Tuesday, November 20, 2007

Workshop and New Studio Experience

There comes a time in your practice when you might feel a need to break out of what you've been doing and try something different. This happened to me about two years ago - I went to a workshop by David Williams (I'll be discussing this Instructor in a coming post). It was an amazing experience, so unlike any previous practice. It's a bit liberating to be doing the primary series, your head down around your feet somewhere, following your breath (or trying to) and to hear the instructor from across the room declare, "We won't do headstand. I don't like headstand. Never have. Let's do handstand instead!"

This new found joy for different workshops inspired me to attend that year: Doug Swenson, David Swenson, and Manju Jois; and the following year, David Swenson again and Govinda.

The beauty of a workshop is you can take what you want and leave the rest. It's not about trying to learn everything they have to offer, but to learn and ingrain even one thing to make the weekend worthwhile. For example, my first experience with Manju's workshop was disappointing, but I figured had the opportunity to do the practice as guided by Pattabhi Jois son. I told myself I wasn't going to do that again, but lo! a year later I found myself back in the Cities at Manju's workshop here at the Yoga House.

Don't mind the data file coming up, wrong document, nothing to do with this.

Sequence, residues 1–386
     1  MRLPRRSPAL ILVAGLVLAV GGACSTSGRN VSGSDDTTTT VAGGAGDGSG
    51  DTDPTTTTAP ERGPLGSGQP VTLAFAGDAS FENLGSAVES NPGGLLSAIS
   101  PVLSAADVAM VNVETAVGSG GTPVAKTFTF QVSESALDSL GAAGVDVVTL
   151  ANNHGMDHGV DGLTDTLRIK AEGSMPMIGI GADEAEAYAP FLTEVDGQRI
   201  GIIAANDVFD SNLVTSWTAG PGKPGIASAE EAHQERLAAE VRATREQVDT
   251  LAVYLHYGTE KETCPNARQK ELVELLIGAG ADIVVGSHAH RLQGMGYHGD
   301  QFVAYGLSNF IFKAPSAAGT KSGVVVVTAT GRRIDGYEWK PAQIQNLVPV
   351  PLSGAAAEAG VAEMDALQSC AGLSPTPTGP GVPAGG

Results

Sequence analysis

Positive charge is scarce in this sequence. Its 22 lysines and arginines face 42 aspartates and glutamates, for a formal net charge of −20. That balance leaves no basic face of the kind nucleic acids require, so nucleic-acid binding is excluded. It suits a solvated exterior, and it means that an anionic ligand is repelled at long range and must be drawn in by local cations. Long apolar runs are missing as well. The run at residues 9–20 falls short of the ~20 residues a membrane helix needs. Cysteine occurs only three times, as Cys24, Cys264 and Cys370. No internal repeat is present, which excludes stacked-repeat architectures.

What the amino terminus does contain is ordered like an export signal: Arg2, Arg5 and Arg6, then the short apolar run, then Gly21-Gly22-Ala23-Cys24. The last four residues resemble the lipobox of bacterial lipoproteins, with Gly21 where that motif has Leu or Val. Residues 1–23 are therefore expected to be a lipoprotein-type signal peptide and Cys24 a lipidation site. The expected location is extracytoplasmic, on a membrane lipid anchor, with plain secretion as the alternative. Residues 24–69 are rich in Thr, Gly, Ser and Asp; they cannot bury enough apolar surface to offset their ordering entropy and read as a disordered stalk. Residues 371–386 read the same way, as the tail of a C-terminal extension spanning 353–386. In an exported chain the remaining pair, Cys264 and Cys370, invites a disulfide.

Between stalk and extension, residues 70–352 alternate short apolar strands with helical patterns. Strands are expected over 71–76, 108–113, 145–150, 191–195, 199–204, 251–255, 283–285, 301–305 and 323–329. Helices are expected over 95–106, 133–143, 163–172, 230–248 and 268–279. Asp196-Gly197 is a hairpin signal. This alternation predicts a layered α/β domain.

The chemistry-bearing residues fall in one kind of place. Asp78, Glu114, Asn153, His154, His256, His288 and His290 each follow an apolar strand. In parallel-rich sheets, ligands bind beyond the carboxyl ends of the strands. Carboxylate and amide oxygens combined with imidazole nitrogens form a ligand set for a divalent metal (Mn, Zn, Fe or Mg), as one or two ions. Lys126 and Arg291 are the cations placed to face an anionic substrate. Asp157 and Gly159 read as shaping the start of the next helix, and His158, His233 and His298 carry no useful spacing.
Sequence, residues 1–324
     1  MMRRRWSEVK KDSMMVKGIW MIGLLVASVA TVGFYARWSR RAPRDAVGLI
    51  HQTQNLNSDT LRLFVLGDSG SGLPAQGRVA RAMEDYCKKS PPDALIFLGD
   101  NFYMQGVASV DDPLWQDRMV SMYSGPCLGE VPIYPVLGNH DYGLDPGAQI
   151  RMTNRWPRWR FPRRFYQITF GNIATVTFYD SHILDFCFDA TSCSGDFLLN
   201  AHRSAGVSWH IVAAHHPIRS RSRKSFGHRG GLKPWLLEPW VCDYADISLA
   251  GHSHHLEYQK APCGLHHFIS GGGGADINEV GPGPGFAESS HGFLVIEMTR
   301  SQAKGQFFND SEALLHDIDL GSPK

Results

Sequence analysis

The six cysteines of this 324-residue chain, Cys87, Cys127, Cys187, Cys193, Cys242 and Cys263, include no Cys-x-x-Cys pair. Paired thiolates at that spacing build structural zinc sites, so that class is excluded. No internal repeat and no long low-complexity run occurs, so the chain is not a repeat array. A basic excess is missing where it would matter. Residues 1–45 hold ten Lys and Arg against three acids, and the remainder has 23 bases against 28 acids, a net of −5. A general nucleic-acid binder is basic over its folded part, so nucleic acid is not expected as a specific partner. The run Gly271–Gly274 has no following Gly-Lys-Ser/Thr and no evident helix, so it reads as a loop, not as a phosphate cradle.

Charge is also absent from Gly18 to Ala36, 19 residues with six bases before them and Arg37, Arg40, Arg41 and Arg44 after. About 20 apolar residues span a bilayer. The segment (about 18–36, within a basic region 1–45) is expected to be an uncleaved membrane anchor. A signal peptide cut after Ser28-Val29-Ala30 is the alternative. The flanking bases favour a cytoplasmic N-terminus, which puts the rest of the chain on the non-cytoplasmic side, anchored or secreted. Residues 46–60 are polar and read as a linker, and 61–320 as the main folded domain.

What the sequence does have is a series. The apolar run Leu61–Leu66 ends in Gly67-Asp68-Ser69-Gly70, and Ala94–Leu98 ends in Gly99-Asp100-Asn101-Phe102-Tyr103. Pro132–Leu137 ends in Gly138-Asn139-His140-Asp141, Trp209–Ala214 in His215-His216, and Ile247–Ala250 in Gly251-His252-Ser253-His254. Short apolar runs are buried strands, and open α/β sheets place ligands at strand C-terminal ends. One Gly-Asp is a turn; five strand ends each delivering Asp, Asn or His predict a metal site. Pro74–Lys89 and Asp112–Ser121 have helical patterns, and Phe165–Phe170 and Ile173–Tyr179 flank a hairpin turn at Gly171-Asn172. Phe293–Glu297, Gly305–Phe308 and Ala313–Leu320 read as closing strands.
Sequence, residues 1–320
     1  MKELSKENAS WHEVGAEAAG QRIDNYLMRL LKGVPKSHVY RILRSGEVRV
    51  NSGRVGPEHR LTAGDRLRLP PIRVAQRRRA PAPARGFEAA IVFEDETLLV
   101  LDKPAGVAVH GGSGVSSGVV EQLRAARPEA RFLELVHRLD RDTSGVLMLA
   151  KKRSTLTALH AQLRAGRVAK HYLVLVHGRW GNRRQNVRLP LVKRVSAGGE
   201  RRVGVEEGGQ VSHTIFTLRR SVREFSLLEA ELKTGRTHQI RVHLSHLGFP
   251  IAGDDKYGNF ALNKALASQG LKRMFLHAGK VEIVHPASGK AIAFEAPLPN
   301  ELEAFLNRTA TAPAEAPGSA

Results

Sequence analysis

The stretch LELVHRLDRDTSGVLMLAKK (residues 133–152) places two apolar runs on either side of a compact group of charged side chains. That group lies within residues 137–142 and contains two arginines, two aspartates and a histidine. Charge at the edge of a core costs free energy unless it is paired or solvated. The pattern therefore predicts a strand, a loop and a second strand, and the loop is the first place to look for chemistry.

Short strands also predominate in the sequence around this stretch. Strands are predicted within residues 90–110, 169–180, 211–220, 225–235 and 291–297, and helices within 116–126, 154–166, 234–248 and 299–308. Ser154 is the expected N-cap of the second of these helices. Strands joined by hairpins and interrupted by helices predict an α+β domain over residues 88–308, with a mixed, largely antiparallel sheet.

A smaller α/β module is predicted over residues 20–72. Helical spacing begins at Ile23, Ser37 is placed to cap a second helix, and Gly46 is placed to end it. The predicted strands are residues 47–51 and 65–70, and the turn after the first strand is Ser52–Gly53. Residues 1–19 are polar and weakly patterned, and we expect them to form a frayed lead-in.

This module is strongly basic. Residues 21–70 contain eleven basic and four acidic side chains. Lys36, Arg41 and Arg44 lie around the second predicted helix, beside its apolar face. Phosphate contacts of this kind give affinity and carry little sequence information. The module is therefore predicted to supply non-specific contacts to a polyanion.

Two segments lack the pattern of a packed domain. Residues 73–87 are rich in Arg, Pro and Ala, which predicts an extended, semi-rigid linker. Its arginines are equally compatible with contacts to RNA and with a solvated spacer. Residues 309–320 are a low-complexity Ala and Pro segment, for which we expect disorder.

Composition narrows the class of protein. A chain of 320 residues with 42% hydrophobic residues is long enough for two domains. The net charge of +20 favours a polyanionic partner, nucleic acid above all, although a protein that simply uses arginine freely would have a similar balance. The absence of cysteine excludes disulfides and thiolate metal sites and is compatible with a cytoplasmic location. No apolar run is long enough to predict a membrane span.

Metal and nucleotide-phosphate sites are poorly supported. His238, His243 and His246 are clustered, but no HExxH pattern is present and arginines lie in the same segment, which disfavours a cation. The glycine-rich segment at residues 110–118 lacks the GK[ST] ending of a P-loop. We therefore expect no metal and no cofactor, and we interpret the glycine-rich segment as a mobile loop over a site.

It was fantastic! It helped that the workshop times were adjusted this year which accommodated not only what he wanted to teach and how he taught, but also the students. Friday night he did a modified primary series with no vinyasas (really! no vinyasas!) and a couple secondary series postures before moving into pranyama and chanting. And this year he provided sheets and translations for us non-sanscrit knowledgeable westerner's to follow. Saturday was the full primary, with a partial secondary, followed by pranyama and chanting. Incredible.

On Sunday I had the good fortune to meet with an acquaintance who I met in my classes and attend the yoga Studio she found after moving to the Cities. Sol Yoga Studio is located on Grand Ave and offers a wide variety of classes. We attended a morning Vinyasa Flow class that was fantastic! I cannot speak highly enough of the instructor, Jennifer . The classes was very mixed: two pregnant ladies, beginners to intermediate/advanced. She made the group feel comfortable, welcome and challenged every single person in the room at their appropriate level, and her adjustments were subtle and yet profound. Delightful way to start a Sunday.

So my recommendation is this: give workshops and different studios try. Sometimes something small will impact your practice in a profound way.

1 comment:

Rony said...

The idea that mind, body and spirit are all one entity and cannot be separated is central to the main philosophy of yoga.